Since the Be-Free Program started in 2002 it has grown by developing different projects for children, teens and parents, focusing on protection, personality building and leadership. The program is now seeing its new project: “Instilling Universal Knowledge” come to fruition.
Woman This Month (WTM): What is Be-Free all about?
Rana Al Sairafi (RS): Be-Free aims at empowering children and teens with concepts and skills to help protect them from abuse and neglect, and build their personalities.
Be-Free started off with two projects: “I Am a Strong, Smart and Safe Child” for children, and “Detecting Abusive Relationships” for teenagers. Be-Free created a special project for the protection of children and teens with disability from abuse, as they are more vulnerable: “I’m Strong, Smart, and Safe Despite My Disability”.
Then other projects follow. “It’s my right to understand my rights” was launched in partnership with UNICEF’s, “Smart+” which is about protecting children from the dangers of the Internet. “Colour Your Life with Your Choices” helps students from the age of 10 and above to face life challenges because it can have an impact on their academic achievement, and “Me and the Other” was developed with the support of the British Embassy, and is about respecting others who are different and learning from these differences.
WTM: As you build your centre with more programmes, what is the current focus?
RS: We have a parallel focus on all our projects, but we have just launched a new project earlier this year called “Instilling Universal Knowledge”. This project encompasses the main elements of all the Be-Free projects. We have already launched the Arabic version and the English version will be launched on 21st October.
WTM: Whom does the project target?
RS: Mainly schools and academic institutes. The project helps schools to make academic subjects more fun and related to the students’ lives. Students can learn different aspects of life from the academic subjects, and learn beyond dry information. The project turns the schools from a boring place, where children just memorise whatever the teacher says, to a place where students are eager to learn, and have a positive influence on the world. It helps students to know that they are important, and can add value to this world.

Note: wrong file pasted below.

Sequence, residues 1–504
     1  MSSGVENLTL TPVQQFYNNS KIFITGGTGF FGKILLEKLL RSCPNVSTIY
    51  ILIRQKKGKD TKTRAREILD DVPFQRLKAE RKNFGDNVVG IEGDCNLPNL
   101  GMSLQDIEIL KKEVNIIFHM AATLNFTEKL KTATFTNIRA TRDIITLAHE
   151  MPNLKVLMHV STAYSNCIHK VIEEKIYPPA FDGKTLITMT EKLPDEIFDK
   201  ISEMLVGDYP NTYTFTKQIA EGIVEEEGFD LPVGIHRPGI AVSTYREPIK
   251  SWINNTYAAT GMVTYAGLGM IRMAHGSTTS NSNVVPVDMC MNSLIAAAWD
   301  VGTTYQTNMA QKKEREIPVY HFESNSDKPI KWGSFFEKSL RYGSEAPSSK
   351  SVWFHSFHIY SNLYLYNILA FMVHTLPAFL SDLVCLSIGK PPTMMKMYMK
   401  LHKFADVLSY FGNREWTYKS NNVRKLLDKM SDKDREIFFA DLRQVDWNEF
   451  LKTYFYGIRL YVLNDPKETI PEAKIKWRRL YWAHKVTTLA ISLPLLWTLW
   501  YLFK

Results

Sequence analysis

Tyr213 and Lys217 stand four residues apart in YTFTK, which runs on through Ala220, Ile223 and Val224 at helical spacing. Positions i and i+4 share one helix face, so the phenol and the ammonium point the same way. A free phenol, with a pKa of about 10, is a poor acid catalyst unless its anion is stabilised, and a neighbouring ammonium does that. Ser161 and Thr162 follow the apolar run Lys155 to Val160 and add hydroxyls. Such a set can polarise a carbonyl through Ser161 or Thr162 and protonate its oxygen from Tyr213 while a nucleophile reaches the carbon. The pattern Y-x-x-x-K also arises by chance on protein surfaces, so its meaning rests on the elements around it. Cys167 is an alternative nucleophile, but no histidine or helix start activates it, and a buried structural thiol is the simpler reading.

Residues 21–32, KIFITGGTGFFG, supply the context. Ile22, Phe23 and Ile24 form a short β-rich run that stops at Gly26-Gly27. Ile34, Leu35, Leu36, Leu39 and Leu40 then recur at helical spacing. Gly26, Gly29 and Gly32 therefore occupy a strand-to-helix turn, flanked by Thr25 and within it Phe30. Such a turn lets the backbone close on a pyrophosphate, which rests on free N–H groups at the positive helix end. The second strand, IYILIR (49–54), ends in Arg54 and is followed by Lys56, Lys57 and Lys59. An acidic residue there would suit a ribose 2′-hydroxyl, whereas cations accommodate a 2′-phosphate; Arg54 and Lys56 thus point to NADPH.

WTM: How will this be implemented in schools?
RS: We have made it very easy for teachers. It doesn’t require additional time at school or materials. The students find it interesting as it follows their way of learning. The project has nine main deliverables which educational institutes can download from www.befreepro.org and implement it immediately. Among the many projects, the deliverables also include a guide on celebrating international days in creative ways, a guide on measuring project impact, and a booklet for parents. This project is practised from kindergarten through to high school.
WTM: What kind of response have you had?
RS: Many schools implemented this project, and some were very creative which enhanced the educational process, and made it more fun, interactive, and left a lasting impact. One teacher told us that she linked math lessons with the concept of respecting others. The teacher was very excited to see that children were able to comprehend the lesson and the concept too. Another teacher told us that when she conducted a workshop the children asked for more the next day! It was very inspiring. We always like to evaluate and see where we can improve too.